The early hours are by far the best to mow hay because the grass is wet, heavier and softer. Because of that, the grass provides less resistance to the blade and is easier to cut.
From the human point of view, the early morning is cooler, the scyther is rested and the cut grass has the rest of the day to dry.
Ideally, in order to not waste precious morning time, the scyther should prepare the blade the day before and have ready all the equipment needed for at least 6 hours of mowing. That includes honing stone, stone holder, peening kit (anvil and hammer), shims or a piece of leather to adjust the angle of the blade to the snath or to secure the blade if it becomes loose.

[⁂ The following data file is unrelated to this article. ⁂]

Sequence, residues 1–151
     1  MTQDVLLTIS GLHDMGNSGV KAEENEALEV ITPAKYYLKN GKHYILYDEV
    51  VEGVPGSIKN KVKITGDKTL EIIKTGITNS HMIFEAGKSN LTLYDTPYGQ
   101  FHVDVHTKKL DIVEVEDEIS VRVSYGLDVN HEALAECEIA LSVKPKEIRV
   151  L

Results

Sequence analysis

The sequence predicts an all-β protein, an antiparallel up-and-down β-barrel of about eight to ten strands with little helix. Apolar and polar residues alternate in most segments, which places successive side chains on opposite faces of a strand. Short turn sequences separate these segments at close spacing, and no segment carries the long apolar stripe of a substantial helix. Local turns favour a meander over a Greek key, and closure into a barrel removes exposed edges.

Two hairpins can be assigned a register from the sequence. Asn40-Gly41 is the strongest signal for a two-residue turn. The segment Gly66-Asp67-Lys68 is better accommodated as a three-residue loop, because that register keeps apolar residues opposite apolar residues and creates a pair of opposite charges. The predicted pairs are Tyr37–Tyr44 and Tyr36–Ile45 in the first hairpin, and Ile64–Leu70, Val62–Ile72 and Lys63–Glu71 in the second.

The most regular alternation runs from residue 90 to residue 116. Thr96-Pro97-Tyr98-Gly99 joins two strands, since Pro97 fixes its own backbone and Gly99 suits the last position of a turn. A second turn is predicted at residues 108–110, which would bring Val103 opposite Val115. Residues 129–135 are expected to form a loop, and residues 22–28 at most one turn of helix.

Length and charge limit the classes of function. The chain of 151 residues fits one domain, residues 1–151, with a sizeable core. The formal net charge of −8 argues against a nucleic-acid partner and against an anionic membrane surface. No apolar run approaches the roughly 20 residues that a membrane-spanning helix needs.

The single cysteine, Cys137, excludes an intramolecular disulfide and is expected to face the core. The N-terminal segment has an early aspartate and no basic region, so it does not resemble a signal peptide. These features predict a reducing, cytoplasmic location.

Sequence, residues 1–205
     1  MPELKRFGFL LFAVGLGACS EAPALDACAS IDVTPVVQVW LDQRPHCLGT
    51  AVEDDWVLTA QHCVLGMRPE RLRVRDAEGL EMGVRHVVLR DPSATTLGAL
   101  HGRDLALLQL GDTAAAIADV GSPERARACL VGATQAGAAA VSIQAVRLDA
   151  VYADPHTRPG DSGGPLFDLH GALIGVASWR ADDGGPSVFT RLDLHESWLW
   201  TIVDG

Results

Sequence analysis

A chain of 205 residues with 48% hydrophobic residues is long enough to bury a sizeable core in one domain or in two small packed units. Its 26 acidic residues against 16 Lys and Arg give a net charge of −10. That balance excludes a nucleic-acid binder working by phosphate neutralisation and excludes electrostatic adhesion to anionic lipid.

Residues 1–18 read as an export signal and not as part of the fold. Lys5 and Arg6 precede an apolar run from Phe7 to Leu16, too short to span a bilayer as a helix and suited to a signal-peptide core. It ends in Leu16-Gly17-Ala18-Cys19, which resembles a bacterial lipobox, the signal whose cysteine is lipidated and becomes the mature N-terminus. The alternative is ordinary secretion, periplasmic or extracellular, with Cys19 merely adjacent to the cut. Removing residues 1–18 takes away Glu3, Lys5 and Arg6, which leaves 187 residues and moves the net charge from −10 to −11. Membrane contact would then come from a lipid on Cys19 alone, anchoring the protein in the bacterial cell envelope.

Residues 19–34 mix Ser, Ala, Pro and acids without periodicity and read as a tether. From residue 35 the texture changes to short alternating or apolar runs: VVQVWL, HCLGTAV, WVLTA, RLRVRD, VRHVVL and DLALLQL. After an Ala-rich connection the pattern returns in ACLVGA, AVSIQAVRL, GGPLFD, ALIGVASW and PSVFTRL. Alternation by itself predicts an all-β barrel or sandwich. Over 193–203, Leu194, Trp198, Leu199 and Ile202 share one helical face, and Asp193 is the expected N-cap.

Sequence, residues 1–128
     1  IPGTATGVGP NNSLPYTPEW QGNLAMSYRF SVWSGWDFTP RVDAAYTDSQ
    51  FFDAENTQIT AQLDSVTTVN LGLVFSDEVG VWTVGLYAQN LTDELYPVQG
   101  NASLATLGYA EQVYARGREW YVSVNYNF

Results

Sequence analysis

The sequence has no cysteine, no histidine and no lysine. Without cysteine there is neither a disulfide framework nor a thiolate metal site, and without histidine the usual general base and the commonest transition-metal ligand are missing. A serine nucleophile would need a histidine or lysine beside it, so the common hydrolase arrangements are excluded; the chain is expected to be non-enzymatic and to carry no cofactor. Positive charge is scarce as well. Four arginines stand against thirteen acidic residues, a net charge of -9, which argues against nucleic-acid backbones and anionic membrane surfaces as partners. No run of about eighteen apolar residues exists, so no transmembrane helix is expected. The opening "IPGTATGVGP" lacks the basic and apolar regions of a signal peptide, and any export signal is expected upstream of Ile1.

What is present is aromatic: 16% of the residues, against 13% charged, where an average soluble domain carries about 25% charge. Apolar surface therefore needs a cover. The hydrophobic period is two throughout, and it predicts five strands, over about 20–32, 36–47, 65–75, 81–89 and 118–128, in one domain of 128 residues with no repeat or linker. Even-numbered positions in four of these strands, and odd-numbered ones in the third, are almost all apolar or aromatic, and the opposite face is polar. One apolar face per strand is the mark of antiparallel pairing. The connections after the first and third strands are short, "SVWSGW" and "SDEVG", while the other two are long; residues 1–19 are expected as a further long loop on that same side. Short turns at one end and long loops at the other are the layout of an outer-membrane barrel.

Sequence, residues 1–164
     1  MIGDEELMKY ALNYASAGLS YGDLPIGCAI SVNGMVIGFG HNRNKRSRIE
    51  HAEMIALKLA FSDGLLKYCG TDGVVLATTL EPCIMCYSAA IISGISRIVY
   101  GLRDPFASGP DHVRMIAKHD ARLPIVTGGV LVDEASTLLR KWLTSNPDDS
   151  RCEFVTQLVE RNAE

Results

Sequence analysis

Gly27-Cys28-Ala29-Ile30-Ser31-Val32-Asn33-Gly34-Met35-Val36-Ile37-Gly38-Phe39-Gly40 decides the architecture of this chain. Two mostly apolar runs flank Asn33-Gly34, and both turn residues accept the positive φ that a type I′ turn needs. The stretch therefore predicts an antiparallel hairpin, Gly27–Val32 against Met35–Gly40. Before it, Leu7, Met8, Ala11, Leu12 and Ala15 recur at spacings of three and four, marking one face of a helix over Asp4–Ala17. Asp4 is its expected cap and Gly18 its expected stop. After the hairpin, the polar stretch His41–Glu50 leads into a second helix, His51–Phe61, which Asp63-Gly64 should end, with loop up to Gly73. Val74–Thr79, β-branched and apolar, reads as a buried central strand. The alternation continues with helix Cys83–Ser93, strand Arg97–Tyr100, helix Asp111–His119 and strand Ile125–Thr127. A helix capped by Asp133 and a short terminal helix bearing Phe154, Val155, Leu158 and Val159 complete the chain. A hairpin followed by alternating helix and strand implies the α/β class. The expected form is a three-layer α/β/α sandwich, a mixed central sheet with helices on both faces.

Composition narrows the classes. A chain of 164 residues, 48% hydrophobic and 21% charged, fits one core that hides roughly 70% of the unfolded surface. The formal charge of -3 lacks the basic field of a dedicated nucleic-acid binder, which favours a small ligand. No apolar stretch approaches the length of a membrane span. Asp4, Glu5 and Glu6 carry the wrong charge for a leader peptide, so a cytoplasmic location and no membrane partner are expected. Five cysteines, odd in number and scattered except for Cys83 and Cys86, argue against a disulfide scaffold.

It is important to observe whether the grass is standing straight or lying down towards one direction. If the latter, we want to cut from the back of the stems—in other words, we are mowing in the same direction that the stems are bended. It is very difficult to mow the grass when the stems are pointing toward the mower.
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